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Historic Areas of Williamsburg, VA

Carriage drawn by two horses Williamsburg, VA

Every city in America has a unique feel and atmosphere. The town of Williamsburg, Virginia, is no different. The local historic sites in Williamsburg contribute to the aura that makes this colonial town so unique.

Let’s explore some of Williamsburg’s historical sites that make this cultural destination so accessible.

The Jamestown Settlement

The Jamestown Settlement boasts some of the best and most realistic colonial replicas in the world. Visitors can view models of three different wooden ships, and a fort that was occupied by the first settlers in 1610. The settlement employs historians that dress in authentic period clothing and walk to grounds to interact with guests.

There is also an indoor gallery where visitors can view a 30-minute historical documentary film that exhibits the lives of the settlers, Powhatan Indians, and the African slaves that made up everyday life in the settlement.

Piney Grove at Southall’s Plantation

Piney Grove is prominently listed on the National Register of Historic Places. This remarkable landmark is located on a 300-plus-acre Tidewater plantation that was owned by the Southall family. Previously occupied by the Chickahominy peoples, the Grove is one of the best standing examples of Early Virginia log house architecture.

Visitors can see Duck Church and three separate historic homes. The plantation is open to the public and features lush gardens and winding trails. Guests can even book a room in the Ladysmith House, which also functions as bed and breakfast.

Sherwood Forest Plantation

This working plantation was once home to the Nation’s 10th president, John Tyler. The Tyler family still occupies it to this day.

The home itself is said to be the longest known frame house in all of the U.S. The frame spans 300 feet, which includes a 68-foot ballroom where the Virginia Reel was performed.

Tyler’s residence is furnished with plenty of period antiques and many of the president’s items as well. There is also a well-stocked gift shop on site.

Belle Air Plantation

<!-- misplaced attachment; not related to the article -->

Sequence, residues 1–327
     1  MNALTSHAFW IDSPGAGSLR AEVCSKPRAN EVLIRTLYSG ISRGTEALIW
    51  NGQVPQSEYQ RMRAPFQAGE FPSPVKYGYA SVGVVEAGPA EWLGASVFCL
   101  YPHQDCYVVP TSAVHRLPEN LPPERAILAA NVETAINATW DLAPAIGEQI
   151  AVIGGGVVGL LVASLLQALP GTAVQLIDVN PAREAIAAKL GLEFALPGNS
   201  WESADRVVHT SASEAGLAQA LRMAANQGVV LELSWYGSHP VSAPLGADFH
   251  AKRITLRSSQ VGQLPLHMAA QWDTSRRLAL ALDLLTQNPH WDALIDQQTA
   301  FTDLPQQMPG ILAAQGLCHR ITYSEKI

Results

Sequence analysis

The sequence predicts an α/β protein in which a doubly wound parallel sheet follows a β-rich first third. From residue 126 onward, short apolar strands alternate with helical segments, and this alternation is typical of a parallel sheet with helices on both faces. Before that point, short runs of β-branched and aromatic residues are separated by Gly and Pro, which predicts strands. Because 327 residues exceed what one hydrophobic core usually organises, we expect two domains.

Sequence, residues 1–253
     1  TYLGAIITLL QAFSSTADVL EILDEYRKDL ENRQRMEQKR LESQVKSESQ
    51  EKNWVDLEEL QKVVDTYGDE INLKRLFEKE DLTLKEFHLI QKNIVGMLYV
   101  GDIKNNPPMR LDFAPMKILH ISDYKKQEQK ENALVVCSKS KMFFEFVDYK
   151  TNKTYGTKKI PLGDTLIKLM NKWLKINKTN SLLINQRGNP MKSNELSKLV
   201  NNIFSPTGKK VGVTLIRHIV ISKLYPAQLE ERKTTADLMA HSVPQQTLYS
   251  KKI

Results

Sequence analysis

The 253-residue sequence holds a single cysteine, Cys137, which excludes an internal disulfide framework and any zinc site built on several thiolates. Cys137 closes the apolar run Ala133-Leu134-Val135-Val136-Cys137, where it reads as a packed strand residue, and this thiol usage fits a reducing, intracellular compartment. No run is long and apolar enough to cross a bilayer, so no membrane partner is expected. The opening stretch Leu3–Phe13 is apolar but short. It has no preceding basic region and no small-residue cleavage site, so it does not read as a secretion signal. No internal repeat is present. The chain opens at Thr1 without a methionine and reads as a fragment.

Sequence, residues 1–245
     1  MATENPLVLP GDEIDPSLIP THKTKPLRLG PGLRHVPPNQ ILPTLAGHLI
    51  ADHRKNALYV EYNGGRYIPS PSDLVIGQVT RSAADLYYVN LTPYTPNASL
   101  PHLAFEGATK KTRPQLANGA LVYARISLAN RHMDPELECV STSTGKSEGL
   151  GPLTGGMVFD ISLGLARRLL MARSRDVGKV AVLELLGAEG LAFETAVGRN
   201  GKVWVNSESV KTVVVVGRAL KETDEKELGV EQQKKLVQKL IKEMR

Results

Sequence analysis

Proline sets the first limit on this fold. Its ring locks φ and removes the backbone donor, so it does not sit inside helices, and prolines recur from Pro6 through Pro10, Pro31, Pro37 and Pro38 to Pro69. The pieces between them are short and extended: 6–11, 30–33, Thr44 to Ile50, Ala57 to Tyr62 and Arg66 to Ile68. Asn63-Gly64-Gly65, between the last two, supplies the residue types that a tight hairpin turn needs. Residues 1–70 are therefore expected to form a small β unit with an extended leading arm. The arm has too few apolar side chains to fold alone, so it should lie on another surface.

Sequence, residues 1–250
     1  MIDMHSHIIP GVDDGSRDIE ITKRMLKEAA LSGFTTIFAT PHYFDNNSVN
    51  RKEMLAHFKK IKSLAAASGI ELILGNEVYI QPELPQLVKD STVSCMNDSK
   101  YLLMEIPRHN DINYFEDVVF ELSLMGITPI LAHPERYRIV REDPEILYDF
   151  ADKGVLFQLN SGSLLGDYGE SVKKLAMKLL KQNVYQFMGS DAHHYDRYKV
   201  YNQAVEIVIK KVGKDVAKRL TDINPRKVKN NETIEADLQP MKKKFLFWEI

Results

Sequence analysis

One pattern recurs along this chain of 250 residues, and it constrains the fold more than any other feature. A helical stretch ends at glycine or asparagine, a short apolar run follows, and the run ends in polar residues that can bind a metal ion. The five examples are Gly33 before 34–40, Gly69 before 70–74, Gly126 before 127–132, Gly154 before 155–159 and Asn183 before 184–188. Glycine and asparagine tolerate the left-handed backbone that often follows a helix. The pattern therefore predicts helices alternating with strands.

This plantation only opens its doors to groups of over 20 more and by appointment, but it is well worth the tour. This large-frame house was built in 1650 and served to show how life was lived during that period.
It features outstanding architecture and exquisite gardens. In April, the house hosts Historic Garden Week, in which the house and the gardens are open to the public. These stunning gardens are worth the wait.

Westover Plantation

Conveniently situated on the James River, the Westover plantation is known as one of the country’s most excellent examples of Georgian architecture. The house itself was built in 1730 by William Byrd, the founder of Richmond, VA. The house is also home to his final resting place.

Near the house, lies the country’s third oldest tombstone. The tomb of Captain William Perry dates back to 1637. The plantation is also home to a brilliantly elegant boxwood garden and delightful tulip poplars. The house is only open to the public during Virginia Garden Week.

The College of William and Mary

If you are interested in exploring the campus, the map of the college is available here. With the plan in hand, you can set off on a self-directed tour. The students are known to be both bright and helpful to visitors roaming the campus.

This college is the second oldest in the country but is still immaculately maintained. This site is teeming with living history, and there are often cultural, and art events held on campus. Be sure to look for a schedule of available events when you visit. There are many historical things to see and do on this lovely campus.

The Famous Colonial Williamsburg

Most visitors recommend starting the tour at the visitor’s center. There, an introductory film and an orientation walk will lay out all the best sites. There are so many exciting and historical things to see and do here.

There are historical buildings, gardens, taverns, shops, and even demonstrations. It is recommended to give yourself a day or to soak it all in. This micro-city is laid out like an 18th-century theme park, and everywhere you walk, there is something new to see.
There are often evening events held in the summer and often lead to extended summer hours.

The Takeaway

No matter where your interests, there are numerous places to visit in Williamsburg, VA. This historical city has something for everyone, and the sites can’t be beaten. Be sure to plan to stay a few days and enjoy everything Williamsburg has to offer.

Williamsburg is a fantastic place to live. If you’re considering a move just give us a call or shoot us an email. Our team is more than happy to help you out, so that you can make the best buying decision.